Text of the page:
tropics (between ±30°) where only a few dust storms 
were observed. Overall, the model compares re- 
markably well with observations considering the 
assumptions of uniform surface roughness, threshold 
stress, and atmospheric dust loading. 



Deflotion Potentiol (cm), Prwent Obliquity: Ls-109- 
Uox- 3.32 



^gUtfJtvy&BPr? «ia#**s£| 



WAVE 1 [K) lou vorloble (Jli) U: 090 




Loftu* |0«g) 



Fig. 3. Stationary wave 1 temperature amplitudes for 
southern winter (top) and northern winter (bottom). 

To compare the model results with observed 
dust storm activity we introduce the concept of a 
deflation potential, which we define as the depth of 
dust that could be removed from the surface during a 
specified period of time. The deflation potential from 
one of our fixed dust (tau=0.3) experiments based on 
the Murphy (1999) lifting parameterization for the 
period between L s =109°-274° is shown in Fig. 4. 
Also shown are Cantor et al's (2001) observations of 
local dust storms by the MOC wide angle camera 
during the same period. Both model and observa- 
tions show that dust lifting occurs mostly poleward 
of 30° in either hemisphere. There is also a modest 
correlation between the density of dust storms and 

thf> marrnitiirlf. nf tVie Hoflatinn rvntontiul Tho Hictri. 



I I 









-180 -150 -120 -90 



-JO 30 

Lonqltud* 



120 150 180 



Fig. 4. Deflation potential (contours) and dust 
storms (stars). 

An example of our fully coupled GCM and 
cloud microphysical model is shown in Fig. 5. In 
this simulation we employ the full capability of 
CAR.MA and carry 6 dust bins, 6 cloud bins (water 
and C0 2 ), and 1 water vapor bin. The figure depicts 
the zonally-averaged mass-weighted mean water ice 
cloud particle sizes at Ls=103°. The tropical aphe- 
lion cloud belt is readily simulated. Most of the 
water for these clouds comes from the subliming 



Zona* Awoqefl tfl«1i* Cloud Pwlkle Rortm imenrt) 
ui-IIH.1I 



i" 



l,» 130 1JC 110 Z« W 1M UO M° i90 




Fig. 5. Zonally-averaged ice cloud particle sizes from 



cimiilattrm ncirto P A T? \A A 



THE NASA/AMES GCM: R.M. Haberle et al. 



north polar residual ice cap. The water is transported 
off the cap at low levels and is then swept up in the 
ascending branch of the Hadley circulation where it 
is quickly transported into the southern hemisphere. 
Some of this water precipitates out as it moves 
across the equator thereby moistening the lower at- 
mosphere. Once into the southern hemisphere, the 
remaining water is moved back toward the surface in 
the descending branch of the Hadley circulation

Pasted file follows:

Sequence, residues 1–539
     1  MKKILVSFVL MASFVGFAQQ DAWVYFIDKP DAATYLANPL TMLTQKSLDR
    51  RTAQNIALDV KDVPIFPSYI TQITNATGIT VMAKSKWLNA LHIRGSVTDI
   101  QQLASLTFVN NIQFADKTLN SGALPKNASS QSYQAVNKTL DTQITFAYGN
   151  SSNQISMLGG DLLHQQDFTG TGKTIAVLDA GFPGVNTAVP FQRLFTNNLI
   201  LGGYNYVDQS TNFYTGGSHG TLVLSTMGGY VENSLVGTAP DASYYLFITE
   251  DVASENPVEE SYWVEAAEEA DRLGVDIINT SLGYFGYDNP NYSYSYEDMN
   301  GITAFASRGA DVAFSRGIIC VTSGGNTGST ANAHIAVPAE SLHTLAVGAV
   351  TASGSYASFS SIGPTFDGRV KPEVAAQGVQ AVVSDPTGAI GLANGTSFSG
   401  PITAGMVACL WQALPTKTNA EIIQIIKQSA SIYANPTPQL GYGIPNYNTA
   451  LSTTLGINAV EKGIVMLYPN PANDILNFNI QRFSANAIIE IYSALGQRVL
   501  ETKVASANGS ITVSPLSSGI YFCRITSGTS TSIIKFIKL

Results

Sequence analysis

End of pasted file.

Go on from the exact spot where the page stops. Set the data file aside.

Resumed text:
where some of it condenses out onto the seasonal 
C0 2 ice cap which extends to about 60°S in this 
simulation. 

One aspect of the observations, which our model 
does not compare well with, is the thermal tides. 
The amplitudes of our diurnal and semidiurnal sur- 
face pressure tides are significantly lower than ob- 
served at either Viking lander site, or the Pathfinder 
site. Though this is not necessarily a serious flaw, 
the fact that other GCMs do find good agreement has 
motivated us to better understand the reason for our 
weaker tides. Given the sensitivity of the tides to 
dust heating, this is the obvious thing to explore 
first. So we have begun simulations with GCM 2.0 
to determine the tidal response to different assump- 
tions about the dust radiative properties. We hope to 
report these results at the workshop. 



Toon, O.B, C.P. McKay, and T.P. Ackerman, and 
K Santhanam,1989: Rapid calculation of radiative 
heating rates and photodissociation rates in inho- 
mogeneous multiple scattering atmospheres, J. 
Geophys. Res.,94, 16287-16301. 



References: 

Banfield, D., B.J. Conrath, J. Pearl, M.D. Smith, 
P.R. Christensen, and R. John Wilson, 2002. 
Forced Waves in the Martian atmosphere from 
MGS TES Nadir data. Icarus, In Press. 

Cantor, B.A, P.B. James, M. Caplinger, and M.J. 
Wolff 2001. Martian dust storms: 1999 Mars Or- 
biter Camera observations. J. Geophys. Res. In 
press. 

Colaprete, A. 2000; Clouds on Mars. Ph.D. Thesis, 
University of Colorado. 149 p. 

Colaprete, A., and R. Haberle, 2001 : Initial results 
from the NASA/ Ames GCM Carbon Dioxide 
cloud model. Abstract, XXVI European Geophysi- 
cal Society meeting, Nice, France. 

Haberle, R.M., J.R. Murphy, and J. Schaeffer 2002. 
Orbital change experiments with a Mars General 
Circulation Model. Icarus. In press. 

Murphy, J.R. 1999. The Martian atmospheric dust 
cycle: Insights from numerical model simulations. 
Fifth International Conference on Mars. Abstract 
6087. Lunar and Planetary Institute, Houston TX. 

Newman, C.E., S.R. Lewis, and P.L. Read 2002. 
Modeling the Martian dust cycle. : Representa- 
tions of dust transport processes, J. Geophys. 
Res., In press. 

Ockert-Bell, M.E., J.F. Bell III, J.B. Pollack, C.P. 
McKay, and F. Forget, 1997: Absorption and scat- 
tering properties of the Martian dust in the solar 
wavelengths, J. Geophys. Res., 102, 9039-9050. 

Toon, O.B, R.P. Turco, D. Westphal, R. Malone, 
and M.S. Liu, 1988. A multidimensional model 
for aerosols: Description of computational analogs,